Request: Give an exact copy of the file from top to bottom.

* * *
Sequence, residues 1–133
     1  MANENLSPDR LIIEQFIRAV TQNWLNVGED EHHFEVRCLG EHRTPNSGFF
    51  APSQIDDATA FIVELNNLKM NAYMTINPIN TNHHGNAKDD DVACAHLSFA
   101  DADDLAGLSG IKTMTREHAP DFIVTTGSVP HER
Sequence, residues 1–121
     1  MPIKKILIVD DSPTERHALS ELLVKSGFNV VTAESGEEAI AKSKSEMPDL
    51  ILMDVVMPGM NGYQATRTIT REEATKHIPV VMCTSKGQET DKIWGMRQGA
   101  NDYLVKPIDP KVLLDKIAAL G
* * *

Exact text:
Sequence, residues 1–133
     1  MANENLSPDR LIIEQFIRAV TQNWLNVGED EHHFEVRCLG EHRTPNSGFF
    51  APSQIDDATA FIVELNNLKM NAYMTINPIN TNHHGNAKDD DVACAHLSFA
   101  DADDLAGLSG IKTMTREHAP DFIVTTGSVP HER
Sequence, residues 1–121
     1  MPIKKILIVD DSPTERHALS ELLVKSGFNV VTAESGEEAI AKSKSEMPDL
    51  ILMDVVMPGM NGYQATRTIT REEATKHIPV VMCTSKGQET DKIWGMRQGA
   101  NDYLVKPIDP KVLLDKIAAL G